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Swiss HSBC Unit Found in Serious Breach of Financial Market Law Over Money Laundering Failures

A Swiss division of HSBC has been found to have "seriously violated financial market law" due to significant lapses in its money laundering obligations related to "two politically exposed persons," according to the Swiss Financial Market Supervisory Authority (FINMA). The regulator highlighted that the case involved over $300 million in transactions that were not adequately scrutinized by the bank.


Swiss HSBC Unit Found in Serious Breach of Financial Market Law Over Money Laundering Failures

The transactions in question originated from a government institution in Lebanon, which transferred funds to a Swiss bank account before distributing the money to various other accounts in Lebanon. Following its investigation, FINMA has ruled that HSBC Private Bank (Suisse) SA is barred from entering into any new business relationships with politically exposed persons until it reforms its anti-money laundering procedures.


"HSBC Private Bank (Suisse) SA has co-operated with FINMA’s proceedings," the regulator stated. FINMA initiated enforcement proceedings against HSBC Private Bank (Suisse) SA in December 2021 concerning the bank's dealings with two politically exposed persons. These proceedings have now concluded.


FINMA's statement revealed that HSBC Private Bank (Suisse) SA had two high-risk business relationships where it "failed to carry out an adequate check of either the origins, purpose or background of the assets involved." Additionally, numerous high-risk transactions were poorly clarified and documented, preventing the establishment of their legitimate nature. "The transactions in question were carried out between 2002 and 2015 and amounted to a total of more than US$300 million," FINMA added.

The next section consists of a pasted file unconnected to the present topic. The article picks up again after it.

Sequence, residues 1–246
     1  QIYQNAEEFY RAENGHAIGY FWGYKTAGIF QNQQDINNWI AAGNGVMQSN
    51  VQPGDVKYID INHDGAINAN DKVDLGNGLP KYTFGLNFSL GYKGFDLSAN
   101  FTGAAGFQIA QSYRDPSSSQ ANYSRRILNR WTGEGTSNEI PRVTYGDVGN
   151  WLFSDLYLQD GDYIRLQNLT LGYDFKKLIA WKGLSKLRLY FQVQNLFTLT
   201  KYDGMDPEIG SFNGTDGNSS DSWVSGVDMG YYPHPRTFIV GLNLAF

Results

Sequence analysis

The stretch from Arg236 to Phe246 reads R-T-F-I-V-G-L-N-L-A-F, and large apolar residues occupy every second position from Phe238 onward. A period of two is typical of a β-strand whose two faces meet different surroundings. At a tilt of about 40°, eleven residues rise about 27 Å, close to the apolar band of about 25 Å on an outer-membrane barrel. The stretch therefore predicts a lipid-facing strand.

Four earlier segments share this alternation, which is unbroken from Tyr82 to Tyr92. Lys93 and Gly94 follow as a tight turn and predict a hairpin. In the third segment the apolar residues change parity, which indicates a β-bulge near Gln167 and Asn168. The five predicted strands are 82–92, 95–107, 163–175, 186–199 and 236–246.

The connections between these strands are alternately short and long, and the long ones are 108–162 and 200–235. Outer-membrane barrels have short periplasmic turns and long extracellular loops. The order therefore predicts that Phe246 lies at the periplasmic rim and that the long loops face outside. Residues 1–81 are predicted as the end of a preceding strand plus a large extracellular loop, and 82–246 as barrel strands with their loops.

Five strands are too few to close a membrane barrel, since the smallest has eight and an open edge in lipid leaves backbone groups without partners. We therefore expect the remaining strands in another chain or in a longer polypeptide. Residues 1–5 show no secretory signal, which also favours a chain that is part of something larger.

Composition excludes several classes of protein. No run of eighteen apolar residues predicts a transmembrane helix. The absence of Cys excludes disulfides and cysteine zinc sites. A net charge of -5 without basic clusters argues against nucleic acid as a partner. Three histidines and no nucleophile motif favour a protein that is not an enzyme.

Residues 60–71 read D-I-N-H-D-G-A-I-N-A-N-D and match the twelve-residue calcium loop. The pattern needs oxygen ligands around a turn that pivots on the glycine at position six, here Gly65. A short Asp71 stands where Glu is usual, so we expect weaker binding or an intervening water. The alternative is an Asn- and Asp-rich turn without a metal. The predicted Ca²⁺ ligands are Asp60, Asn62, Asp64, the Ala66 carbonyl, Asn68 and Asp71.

The regulator noted that the funds "originated from a government institution" and were transferred from Lebanon to Switzerland before generally being quickly sent back to other accounts in Lebanon. FINMA emphasized that at no point did the bank investigate why a transitory account was used for these transactions.


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HSBC Switzerland failed to recognize the signs of money laundering in these transactions, according to FINMA. "It likewise failed to satisfy requirements for the initiation and continuation of customer relationships with politically exposed persons, and was thus in serious breach of its due diligence obligations," the regulator said. Additionally, the bank did not report to the Money Laundering Reporting Office for an extended period, failing to do so even in 2016 when it chose to close the risky business relationships. A report was not filed until September 2020.


As a result, FINMA found that HSBC did not meet its reporting obligations or anti-money laundering requirements, constituting "a serious breach of supervisory provisions." The regulator has ordered the bank to review all "current high-risk business relationships and business relationships with politically exposed persons" from an anti-money laundering perspective. HSBC must also reassess the risk categorization of its other customers.


"An audit agent will monitor the implementation of these measures on site on an ongoing basis and will submit a report to FINMA," the regulator stated. Furthermore, the bank is prohibited from establishing any new business relationships with politically exposed persons until the review is completed and verified by the audit agent.


HSBC Private Bank (Suisse) SA must also provide FINMA with a detailed account of the responsibilities within its board of directors and executive management, including how these duties are allocated. FINMA noted that its decision has not yet come into force. At the time of publication, HSBC had not responded to a request for comment.

By fLEXI tEAM

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